Midterm #1 Review: Modules 1-4, 6-8, 13-16 Since a lot of the midterm material was not covered in the lectures, this is a document of all the key points that are from the textbook that you should know for the miderm as well as the final exam. more than 1

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Published on 16 Oct 2011
School
University of Waterloo
Department
Psychology
Course
PSYCH101
Professor
Textbook Notes Psychology: 9th Edition in Modules Sept. 23/10
Module 1
Wundt first psychological laboratory
Structuralism Titchener (Wundt’s student)
-discover the structure of the mind through introspection: reporting elements of experience
Functionalism James
-how our mental and behavioural processes function (thinking was developed because it as
adaptive for survival)
Behaviourism Watson and Skinner
-an objective science (observe people’s behaviours as they respond to different things)
Humanistic psychology rather than early childhood, emphasized the importance of current
environmental influences on our growth (how we need love and acceptance)
Cognitive neuroscience study of brain activity linked with mental activity
Psychology science of behaviour and mental processes
Biopsychosocial approach considers the influences of biological, psychological, and social-cultural
factors in analysis
Module 2
Hindsight bias tendency to believe, after learning an outcome, that we would have foreseen it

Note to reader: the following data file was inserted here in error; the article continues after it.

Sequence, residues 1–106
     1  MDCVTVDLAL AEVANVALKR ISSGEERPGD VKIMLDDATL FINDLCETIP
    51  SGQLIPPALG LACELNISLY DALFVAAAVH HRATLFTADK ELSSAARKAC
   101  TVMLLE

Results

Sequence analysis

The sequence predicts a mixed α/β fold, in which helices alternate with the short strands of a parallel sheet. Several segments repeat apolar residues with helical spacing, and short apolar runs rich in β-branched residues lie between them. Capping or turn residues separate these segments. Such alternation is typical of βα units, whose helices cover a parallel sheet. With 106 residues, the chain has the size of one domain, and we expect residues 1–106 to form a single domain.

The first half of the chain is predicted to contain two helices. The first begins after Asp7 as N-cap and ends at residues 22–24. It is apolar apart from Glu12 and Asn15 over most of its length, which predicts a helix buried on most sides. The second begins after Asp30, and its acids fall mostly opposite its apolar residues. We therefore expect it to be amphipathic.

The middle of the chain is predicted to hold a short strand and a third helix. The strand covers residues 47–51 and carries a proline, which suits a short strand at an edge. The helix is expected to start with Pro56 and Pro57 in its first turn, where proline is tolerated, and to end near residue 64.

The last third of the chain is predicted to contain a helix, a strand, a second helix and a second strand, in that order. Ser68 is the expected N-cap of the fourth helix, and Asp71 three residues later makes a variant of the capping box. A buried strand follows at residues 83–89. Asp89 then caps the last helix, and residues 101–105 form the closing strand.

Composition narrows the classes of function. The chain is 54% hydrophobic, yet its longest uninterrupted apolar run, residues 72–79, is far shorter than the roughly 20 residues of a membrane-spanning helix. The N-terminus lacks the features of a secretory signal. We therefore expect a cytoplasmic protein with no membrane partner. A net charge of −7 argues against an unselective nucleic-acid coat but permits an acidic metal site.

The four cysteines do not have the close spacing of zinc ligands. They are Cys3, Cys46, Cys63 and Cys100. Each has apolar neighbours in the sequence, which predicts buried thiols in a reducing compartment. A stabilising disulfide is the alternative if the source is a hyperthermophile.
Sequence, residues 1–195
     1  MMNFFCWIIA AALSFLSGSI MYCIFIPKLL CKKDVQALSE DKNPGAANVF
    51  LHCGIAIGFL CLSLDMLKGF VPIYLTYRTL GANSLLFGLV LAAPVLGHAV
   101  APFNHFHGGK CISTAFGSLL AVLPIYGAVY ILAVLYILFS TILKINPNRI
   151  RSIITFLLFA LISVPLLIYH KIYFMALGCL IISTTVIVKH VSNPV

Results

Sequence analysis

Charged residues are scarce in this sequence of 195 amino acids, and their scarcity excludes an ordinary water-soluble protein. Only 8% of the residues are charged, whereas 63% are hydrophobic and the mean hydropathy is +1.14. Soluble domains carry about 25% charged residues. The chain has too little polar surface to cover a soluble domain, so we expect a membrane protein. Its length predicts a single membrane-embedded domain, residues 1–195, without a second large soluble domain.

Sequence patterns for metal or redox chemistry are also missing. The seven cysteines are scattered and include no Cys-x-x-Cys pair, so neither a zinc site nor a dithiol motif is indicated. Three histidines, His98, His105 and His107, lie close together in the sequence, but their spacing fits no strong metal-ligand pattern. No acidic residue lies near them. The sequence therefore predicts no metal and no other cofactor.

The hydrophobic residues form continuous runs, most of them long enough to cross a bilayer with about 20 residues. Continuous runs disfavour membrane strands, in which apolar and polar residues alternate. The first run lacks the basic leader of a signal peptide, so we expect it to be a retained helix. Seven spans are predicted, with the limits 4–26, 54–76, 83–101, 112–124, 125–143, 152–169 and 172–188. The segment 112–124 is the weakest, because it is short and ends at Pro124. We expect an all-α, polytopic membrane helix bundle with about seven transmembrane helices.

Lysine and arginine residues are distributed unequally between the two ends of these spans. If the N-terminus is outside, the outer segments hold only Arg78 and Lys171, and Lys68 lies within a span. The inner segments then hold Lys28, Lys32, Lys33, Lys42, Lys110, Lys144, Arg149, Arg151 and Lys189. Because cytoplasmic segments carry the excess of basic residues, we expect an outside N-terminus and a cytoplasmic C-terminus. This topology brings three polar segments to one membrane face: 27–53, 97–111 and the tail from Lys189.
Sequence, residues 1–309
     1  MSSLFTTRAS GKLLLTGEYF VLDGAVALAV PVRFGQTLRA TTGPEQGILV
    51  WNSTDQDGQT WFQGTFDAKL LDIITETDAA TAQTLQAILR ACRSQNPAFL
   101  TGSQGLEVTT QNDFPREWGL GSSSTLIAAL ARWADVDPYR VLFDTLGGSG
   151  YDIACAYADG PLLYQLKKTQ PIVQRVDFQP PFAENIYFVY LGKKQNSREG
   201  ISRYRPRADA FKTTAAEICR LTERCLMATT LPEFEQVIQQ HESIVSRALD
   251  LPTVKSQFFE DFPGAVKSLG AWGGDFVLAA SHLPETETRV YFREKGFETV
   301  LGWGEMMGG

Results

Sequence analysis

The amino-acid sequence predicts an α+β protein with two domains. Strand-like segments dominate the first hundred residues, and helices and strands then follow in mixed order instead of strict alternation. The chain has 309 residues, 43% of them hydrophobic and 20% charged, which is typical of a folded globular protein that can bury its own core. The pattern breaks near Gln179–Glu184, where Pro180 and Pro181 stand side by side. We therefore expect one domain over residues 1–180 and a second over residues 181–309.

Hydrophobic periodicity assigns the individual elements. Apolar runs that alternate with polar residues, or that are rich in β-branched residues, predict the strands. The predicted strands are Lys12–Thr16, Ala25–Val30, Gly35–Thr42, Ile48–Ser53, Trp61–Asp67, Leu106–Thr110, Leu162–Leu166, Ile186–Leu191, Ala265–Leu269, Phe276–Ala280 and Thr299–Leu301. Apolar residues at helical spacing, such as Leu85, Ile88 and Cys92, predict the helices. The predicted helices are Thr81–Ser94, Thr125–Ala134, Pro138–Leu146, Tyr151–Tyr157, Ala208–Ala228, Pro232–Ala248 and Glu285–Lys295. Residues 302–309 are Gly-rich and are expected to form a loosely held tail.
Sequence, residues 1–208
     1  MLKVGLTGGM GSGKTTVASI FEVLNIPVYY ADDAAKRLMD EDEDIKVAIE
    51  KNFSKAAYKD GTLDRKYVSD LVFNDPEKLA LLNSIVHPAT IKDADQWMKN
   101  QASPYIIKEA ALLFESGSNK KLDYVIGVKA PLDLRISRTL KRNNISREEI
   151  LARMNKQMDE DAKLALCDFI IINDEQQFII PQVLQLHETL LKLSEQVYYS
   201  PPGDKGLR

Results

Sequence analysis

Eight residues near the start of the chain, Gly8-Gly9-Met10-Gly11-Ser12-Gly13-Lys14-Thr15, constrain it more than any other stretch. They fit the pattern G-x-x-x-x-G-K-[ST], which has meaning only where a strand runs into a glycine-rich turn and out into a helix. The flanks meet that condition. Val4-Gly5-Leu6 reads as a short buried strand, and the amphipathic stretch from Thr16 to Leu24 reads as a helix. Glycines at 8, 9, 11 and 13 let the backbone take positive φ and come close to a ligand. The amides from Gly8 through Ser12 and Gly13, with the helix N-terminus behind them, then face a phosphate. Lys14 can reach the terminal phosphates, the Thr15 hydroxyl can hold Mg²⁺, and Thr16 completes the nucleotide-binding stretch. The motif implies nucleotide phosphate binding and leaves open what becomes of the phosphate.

-known as the “I-knew-it-all-along phenomenon
-common sense more easily describes what has happened than what will happen
Critical thinking examining assumptions, discerning hidden values, evaluating evidence
Culture enduring behaviours, ideas, attitudes, and traditions shared by a group of people
Module 3
Theory explains through an integrated set of principles that organizes observations and predicts
behaviours or events
Hypothesis a testable prediction, often implied by theory
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Textbook Notes Psychology: 9th Edition in Modules Sept. 23/10
Module 4
Sensory neurons → brain/spinal cord (interneurons) → motor neurons
-dendrites listen (receive info), axons speak (sends message to other neurons or muscles/glands)
-myelin sheath insulates axons and helps speed their impulses
-multiple sclerosis (MS) may result if the myelin sheath degenerates
-communication to muscles slows, with eventual loss of muscle control
Action potential a neural impulse; a brief electrical charge that travels down an axon
-resting potential positive outside/negative inside state (of axons)
-all-or none-response a strong stimulus (ex. A slap in the face rather than a tap) can trigger more
neurons to fire and to fire more often, but it doesn’t affect the action potential’s strength or speed
Synapse meeting point/junction between neurons
Neurotransmitters chemical messengers that cross the synaptic gaps between neurons
-when flooded with opiate drugs (ex. heroin), the brain may stop producing its own natural opiates
Central nervous system (CNS) brain and spinal cord
Peripheral nervous system (PNS) sensory/motor neurons that connect the CNS to the rest of the body
-has 2 components: somatic (enables voluntary control of our skeletal muscles) and autonomic
(controls our glands and the muscles of our internal organs ex. Heartbeat, digestion, etc.)
-autonomic is composed of sympathetic nervous system and parasympathetic N.S.
-SNS (arouses and expends energy); Para. NS (calms the body, conserving energy)